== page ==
- Flooding – this is dependent on the location of your home. If you are near a body of water, such as a river/lake/pond that frequently floods; OR you live in a location that has a ton of rainfall. You may have flooding issues from “flash floods” or improper sloping into your home. As precautions, you’ll want to make sure you have your eavestroughs, sump pump, weeping tile, and proper water drainage in place to remove the excess water and shed away from your premises. This optional coverage can be purchased on most home insurance policies (high risk locations may be excluded).
- Sewer Backup – this is caused by blockages in your sewer line, or municipal sewer overload. Some towns or cities have out-dated plumbing that may not keep up to their storm drains or they collapse and cause a series of backups throughout homes in the area. Another threat we have seen is a tree root that often finds a way into the sewer line and causes a blockage. If your toilet tank runs incessantly along with a blockage in the line, you may have a serious issue with either your toilet backing up onto your floor or a backup in your basement floor drain, filling your basement with sewer water. This coverage is included in our home insurance policies for your protection.
- Water Escape & Rupture – This is for all your water supply lines running throughout your home. If a pipe bursts suddenly in your home, you have coverage for the resulting damage in your home through your home insurance policy. However, if it is a slow dripping leak, (aka seepage), you will be responsible to fix the resulting damage out of your own pocket. Also, make sure you check your insurance wordings for any stipulations and limitations when it comes to freezing and other potential issues.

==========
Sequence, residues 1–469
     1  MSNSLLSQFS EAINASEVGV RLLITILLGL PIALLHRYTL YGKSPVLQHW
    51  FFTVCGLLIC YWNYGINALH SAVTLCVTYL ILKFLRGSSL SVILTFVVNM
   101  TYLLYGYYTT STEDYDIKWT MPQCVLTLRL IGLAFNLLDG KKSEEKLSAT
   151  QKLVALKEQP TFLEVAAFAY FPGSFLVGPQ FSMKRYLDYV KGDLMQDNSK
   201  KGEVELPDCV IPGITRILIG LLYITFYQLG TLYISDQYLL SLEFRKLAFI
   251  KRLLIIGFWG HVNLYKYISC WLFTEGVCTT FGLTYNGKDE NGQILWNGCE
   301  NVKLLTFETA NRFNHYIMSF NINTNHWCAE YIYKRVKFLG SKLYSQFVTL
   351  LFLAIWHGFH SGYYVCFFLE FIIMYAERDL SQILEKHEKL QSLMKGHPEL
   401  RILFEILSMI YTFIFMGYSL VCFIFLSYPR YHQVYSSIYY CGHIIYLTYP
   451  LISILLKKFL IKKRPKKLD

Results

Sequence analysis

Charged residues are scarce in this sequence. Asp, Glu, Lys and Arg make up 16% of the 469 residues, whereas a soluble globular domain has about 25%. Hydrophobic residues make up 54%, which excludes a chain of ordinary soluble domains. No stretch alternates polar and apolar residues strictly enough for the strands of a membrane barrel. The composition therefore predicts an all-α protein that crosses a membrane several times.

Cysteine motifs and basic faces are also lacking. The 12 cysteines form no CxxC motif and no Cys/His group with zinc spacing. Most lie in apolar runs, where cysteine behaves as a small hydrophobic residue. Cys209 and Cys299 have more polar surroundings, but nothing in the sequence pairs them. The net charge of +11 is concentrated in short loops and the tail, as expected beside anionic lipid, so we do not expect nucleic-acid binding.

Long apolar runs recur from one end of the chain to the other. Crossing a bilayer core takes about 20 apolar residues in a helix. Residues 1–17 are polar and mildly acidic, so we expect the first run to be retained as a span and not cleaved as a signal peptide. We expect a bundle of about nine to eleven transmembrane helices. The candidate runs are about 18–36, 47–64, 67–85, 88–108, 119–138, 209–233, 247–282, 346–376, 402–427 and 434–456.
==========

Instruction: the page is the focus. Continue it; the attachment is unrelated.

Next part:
- If there has been water issues in the basement, or through the roof or windows, you will want to check for moisture content in the home to make sure there aren’t any potential mold issues. Breathing in spores is unhealthy for your body and especially harmful to young kids. Having a home inspection prior to purchase is important to catch these issues. If mold is found after purchase, make sure you remedy it immediately.
- Homes built before the 1980s could expose homeowners, their families and others to asbestos possibly hiding in cement, floor tiles, insulation, walls and pipes. Asbestos is a natural mineral composed of thin fibers. When residential construction products made with asbestos are damaged, those fibers become airborne and can pose a danger to anyone who inhales the toxic dust. If the material appears damaged or future activities could disturb it, contact a trained and accredited asbestos professional. Limit access to the area until a professional can confirm the presence of asbestos.
There are many other items to touch on when it comes to older homes.
- Windows and doors should be replaced for higher efficiency. Check weather stripping as well for sealing these units.
- Deck and Fencing will constantly be maintained either by staining, painting or replacement.
- Updated smoke and carbon monoxide detectors.
- Replace your furnace filter (seasonally) and have your heating ducts cleaned.
- Snow removal from the roof during winter to prevent ice damming
Maintaining your home is crucial to the longevity of your property. We are fortunate that we have information at our fingertips to figure out how to fix, repair or maintain most items in our home. Just remember that a little bit of maintenance can save you a lot of headaches and repairs down the road.